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Discrimination and prejudice on the basis of race is a violation of the human dignity of our neighbors, and we all have a responsibility to fight injustice wherever it is found. The question, of course, is how we ought to do this. Are the foundations of our American systems of government and civil society fundamentally unjust? Or have we only failed in living up to their lofty calls and promises? Do we need to tear down our institutions or reform them?
  • On the Unjust Death of George Floyd and Racism in America

    The fact is, many in positions of power and influence are oblivious or unaware of the unique challenges disproportionately facing African American communities across this country. We must now acknowledge these challenges and address these disparities that they create. The only way forward is to treat each other with the empathy and respect required of a people who have decided to share a nation—and a future.
  • Lessons from King, Tocqueville, and Augustine on Loving Our Black Neighbors

    As a nation, all citizens, regardless of color, need to respond to the persistent threat of institutional racism and persistent police brutality as if their own person was at stake. We must act to preserve life and the common good as quickly as if we were trying to preserve our own property from looting.
  • A New Birth for American Civil Rights

    Christians are called not only to pray but also to act for justice, because faith without works is dead. Today, we are called to give new birth to the civil rights movement, to finally fulfill the promise of the American civil rights project for which so many fought and died.
  • Black Lives Matter: Affirm the Sentence, Not the Movement

    “Black lives matter,” taken as a sentence, is profoundly true. God made every human being in his image, which means every life on the planet, at every stage, matters. Yet that sentence is understood, nearly universally, as expressing approval of a movement rooted in critical race theory, which is grounded in destructive Marxist ideology.
  • Above the Law: The Data Are In on Police, Killing, and Race

    Police killing is not the work of vigilant warriors defending society at great personal cost, and sometimes going too far. It is the day-in, day-out petty tyranny of a taxpayer-funded bureaucratic lobby group. The difference is that, unlike other public sector unions, police unions have military-grade equipment they can use to violently crush protests against their abuses, and they are legally immune from most consequences. They’re teachers’ unions, but with tanks and endless get-out-of-jail-free cards.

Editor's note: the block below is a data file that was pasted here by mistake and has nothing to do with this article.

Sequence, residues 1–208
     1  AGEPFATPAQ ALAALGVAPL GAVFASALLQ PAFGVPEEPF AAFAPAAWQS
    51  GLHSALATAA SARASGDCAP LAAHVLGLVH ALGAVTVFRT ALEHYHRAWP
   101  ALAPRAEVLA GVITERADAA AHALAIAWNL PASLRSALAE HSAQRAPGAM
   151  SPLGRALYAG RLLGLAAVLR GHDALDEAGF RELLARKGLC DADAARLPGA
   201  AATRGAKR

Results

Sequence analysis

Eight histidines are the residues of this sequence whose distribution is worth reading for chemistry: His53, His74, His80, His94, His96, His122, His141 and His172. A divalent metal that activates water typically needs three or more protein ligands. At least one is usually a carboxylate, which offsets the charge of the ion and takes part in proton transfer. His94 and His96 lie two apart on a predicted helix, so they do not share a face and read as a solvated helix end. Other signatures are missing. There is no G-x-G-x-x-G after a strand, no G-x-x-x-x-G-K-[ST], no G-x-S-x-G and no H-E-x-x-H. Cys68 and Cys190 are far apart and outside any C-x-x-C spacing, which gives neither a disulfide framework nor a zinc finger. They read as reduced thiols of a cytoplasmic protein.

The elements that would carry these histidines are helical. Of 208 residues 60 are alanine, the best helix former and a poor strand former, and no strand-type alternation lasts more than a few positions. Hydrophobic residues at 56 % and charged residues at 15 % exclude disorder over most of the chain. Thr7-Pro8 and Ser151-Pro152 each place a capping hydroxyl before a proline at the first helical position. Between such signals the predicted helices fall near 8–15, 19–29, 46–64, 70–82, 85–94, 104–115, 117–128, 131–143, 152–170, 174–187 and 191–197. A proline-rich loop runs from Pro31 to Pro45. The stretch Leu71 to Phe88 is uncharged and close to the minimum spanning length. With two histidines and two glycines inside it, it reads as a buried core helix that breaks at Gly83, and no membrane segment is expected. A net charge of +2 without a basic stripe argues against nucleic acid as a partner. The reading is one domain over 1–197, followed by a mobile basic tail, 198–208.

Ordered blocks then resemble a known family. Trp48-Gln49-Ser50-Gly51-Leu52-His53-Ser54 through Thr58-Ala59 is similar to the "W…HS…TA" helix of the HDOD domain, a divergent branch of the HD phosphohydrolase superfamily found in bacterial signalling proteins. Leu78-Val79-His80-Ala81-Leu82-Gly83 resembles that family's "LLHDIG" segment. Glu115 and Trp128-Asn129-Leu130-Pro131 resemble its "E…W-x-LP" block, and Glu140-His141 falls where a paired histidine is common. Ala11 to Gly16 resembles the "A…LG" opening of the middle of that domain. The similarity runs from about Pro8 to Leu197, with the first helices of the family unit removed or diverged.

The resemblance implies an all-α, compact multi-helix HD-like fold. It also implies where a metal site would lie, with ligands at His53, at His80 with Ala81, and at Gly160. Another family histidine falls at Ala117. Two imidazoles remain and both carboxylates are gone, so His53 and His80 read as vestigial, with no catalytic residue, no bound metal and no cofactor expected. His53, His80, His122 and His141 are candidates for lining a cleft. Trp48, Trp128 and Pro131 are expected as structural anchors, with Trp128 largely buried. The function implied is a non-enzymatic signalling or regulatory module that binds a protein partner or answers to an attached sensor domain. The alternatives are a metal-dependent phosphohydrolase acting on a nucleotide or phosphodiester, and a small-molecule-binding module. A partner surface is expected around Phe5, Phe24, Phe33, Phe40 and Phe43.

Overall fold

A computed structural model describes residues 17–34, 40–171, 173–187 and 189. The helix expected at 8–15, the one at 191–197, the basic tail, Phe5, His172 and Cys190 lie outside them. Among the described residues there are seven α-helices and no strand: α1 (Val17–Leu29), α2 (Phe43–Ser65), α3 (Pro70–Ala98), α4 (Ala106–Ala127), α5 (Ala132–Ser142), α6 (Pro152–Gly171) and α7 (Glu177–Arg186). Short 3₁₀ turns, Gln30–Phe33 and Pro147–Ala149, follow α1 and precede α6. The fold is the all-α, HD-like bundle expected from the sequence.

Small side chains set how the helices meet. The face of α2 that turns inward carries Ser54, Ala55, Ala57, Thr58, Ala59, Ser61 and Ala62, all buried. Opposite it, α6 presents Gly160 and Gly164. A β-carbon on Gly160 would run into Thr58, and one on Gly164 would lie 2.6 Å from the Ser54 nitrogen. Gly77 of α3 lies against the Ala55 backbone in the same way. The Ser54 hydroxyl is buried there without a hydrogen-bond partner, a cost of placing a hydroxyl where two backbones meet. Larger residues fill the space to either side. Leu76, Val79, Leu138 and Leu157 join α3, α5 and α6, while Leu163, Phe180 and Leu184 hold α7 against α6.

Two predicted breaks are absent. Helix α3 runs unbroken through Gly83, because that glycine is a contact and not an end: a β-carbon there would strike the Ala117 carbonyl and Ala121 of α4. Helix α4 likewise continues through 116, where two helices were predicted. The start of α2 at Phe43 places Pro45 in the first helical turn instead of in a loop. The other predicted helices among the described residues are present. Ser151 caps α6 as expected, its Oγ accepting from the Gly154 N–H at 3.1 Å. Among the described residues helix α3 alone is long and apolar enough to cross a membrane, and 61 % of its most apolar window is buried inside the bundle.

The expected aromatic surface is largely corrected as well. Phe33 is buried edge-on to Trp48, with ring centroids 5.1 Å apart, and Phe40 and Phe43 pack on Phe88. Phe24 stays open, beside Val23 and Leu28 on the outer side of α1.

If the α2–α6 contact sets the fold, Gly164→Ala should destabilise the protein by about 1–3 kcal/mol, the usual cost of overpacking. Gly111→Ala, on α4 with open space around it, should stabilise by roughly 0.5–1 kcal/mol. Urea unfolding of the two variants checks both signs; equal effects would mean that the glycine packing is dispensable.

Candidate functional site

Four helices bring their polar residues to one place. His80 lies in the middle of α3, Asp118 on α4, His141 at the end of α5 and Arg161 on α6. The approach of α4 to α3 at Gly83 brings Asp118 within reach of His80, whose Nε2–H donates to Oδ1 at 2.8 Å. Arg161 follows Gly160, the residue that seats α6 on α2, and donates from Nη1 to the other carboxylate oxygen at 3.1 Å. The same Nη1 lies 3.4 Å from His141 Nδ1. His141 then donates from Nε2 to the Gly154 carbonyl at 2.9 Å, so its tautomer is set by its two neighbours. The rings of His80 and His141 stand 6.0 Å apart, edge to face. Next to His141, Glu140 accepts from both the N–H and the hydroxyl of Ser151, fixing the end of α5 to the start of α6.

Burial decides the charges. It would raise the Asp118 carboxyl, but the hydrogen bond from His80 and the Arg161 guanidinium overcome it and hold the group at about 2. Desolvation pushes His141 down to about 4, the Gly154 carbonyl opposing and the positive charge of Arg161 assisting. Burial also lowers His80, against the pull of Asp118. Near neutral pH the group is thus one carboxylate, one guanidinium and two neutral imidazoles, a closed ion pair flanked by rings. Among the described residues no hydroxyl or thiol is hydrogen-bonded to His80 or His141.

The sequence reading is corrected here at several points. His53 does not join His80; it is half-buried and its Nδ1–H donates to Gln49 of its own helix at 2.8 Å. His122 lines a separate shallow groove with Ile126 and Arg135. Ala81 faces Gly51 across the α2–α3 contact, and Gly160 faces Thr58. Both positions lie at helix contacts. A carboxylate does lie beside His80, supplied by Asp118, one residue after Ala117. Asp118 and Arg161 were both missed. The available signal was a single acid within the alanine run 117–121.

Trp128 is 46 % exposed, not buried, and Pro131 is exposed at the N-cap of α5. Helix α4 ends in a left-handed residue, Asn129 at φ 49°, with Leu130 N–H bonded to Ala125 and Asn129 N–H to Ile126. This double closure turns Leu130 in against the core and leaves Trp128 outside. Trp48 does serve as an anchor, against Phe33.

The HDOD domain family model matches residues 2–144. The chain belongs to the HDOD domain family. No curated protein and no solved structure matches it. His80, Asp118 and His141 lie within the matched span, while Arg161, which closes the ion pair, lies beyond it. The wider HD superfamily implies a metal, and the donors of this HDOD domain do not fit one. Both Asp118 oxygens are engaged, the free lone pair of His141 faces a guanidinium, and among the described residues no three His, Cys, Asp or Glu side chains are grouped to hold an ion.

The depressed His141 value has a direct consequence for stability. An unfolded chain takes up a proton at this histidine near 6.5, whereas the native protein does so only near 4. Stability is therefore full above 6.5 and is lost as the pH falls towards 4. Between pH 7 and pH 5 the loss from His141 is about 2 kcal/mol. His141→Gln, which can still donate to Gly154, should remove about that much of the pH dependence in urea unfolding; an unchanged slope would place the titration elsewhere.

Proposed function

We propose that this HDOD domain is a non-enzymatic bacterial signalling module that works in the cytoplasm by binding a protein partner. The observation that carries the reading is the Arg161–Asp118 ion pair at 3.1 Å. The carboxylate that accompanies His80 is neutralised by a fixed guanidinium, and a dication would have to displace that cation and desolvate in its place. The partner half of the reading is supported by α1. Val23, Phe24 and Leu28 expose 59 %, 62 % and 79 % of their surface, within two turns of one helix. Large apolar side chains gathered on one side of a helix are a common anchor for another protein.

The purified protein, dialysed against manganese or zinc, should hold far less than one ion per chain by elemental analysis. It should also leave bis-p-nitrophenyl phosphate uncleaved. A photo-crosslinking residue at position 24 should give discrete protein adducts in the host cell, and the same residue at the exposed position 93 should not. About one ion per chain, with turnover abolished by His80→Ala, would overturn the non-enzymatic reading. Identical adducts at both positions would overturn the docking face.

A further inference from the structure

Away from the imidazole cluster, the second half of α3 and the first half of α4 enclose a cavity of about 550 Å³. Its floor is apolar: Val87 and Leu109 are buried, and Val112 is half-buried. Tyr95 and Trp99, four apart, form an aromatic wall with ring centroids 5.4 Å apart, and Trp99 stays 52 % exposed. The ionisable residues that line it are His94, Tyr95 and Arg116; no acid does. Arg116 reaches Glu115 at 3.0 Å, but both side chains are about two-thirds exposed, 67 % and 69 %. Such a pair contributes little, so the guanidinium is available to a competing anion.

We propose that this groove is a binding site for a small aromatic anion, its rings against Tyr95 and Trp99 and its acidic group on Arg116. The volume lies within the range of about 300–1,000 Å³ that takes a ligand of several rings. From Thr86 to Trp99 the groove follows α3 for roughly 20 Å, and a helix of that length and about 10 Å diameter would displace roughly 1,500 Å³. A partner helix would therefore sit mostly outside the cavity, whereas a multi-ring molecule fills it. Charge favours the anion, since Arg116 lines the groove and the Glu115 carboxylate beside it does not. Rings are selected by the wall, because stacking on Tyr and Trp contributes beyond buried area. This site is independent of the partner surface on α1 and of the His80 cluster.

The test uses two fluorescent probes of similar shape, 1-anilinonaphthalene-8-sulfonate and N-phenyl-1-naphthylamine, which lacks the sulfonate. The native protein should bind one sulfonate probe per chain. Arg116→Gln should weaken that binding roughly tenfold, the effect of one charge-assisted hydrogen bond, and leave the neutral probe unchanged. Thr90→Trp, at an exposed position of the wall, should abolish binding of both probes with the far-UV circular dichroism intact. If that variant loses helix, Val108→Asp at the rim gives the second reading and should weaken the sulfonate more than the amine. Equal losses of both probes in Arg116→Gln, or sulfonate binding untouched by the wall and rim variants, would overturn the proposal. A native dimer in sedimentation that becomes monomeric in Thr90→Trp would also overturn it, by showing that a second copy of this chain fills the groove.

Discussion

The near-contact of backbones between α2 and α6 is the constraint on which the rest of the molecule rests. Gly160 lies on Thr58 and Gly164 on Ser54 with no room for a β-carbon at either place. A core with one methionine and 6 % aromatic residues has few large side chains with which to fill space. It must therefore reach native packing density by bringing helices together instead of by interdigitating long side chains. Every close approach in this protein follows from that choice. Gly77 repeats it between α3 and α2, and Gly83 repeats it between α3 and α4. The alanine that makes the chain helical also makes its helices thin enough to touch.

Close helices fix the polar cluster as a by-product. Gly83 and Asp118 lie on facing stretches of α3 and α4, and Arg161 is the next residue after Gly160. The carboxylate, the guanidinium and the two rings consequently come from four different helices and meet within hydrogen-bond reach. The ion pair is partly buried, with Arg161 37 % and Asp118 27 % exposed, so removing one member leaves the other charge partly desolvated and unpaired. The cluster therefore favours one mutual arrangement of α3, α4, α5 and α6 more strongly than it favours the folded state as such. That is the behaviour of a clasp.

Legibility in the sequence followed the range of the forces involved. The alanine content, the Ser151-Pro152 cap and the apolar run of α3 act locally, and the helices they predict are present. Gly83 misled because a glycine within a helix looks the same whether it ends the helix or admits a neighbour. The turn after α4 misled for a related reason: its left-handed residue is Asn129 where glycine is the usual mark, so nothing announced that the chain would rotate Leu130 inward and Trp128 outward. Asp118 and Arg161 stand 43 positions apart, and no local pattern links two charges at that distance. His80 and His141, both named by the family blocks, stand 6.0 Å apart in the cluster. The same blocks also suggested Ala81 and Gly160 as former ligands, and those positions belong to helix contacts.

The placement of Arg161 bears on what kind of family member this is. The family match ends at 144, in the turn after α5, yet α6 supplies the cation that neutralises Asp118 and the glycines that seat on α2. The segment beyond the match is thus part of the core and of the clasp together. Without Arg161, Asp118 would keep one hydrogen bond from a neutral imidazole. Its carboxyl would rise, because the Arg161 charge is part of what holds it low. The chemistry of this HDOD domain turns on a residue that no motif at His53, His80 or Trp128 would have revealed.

• Racism and the Pro-Life Movement

    It is wrong to see the goals of the pro-life movement as being in competition with the need to address continuing manifestations of racism. Those who fight for life and against racism fight for the same thing.
  • The 3395 Project: American National Identity Includes Both the Ideals of 1776 and the Legacy of 1619

    The 1619 Project points us to the need for the 3395 Project—the project of constructing a new and stronger American identity that incorporates both the experiences, perspectives, and distinctive contributions of the descendants of enslaved Africans (1619) and also the aspirations and ideals enunciated by European Americans in the Declaration of Independence (1776).
  • Pursuing Unity: Race and the American Story

    The primary cause of American disintegration is not the proliferation of sources of division, but rather the absence of sources of unity to counterbalance and contextualize them. The racial divide is the most productive place to start in recovering the American mission and restoring national unity.
  • Faith and Family Play a Bigger Role in Academic Achievement Than Race or Socioeconomic Status

    The phrase “achievement gap” refers to the well-documented discrepancies between the scholastic achievements of African American and Latinos on the one hand and white students on the other. What explains the gap? My meta-analysis revealed that if an African American or Latino student was a person of faith and came from a two biological parent family, the achievement gap totally disappeared, even when adjusting for socioeconomic status.
  • Why Talk About “Structures of Sin”?

    We simply cannot ignore theology when looking at social problems. For Christians, the notion of sinful structures is based on the difficult but ultimately liberating admission that the existing social positions we occupy are often not in conformity with the order of God.
  • Systemic Racism, God’s Grace, and the Human Heart: What the Bible Teaches About Structural Sin

    Sin corrupts every institution and every system because, one way or another, sinful human beings are involved. This means that laws, policies, habits, and customs are also corrupted by sin. We are called to do everything within our power to expunge sin from the structures of our society. Christians know that the justice of God demands that we do so. At the same time, we cannot accept that the structural manifestations of sin are the heart of the problem. No, the heart of the problem is found in the sinfulness of the individual human heart.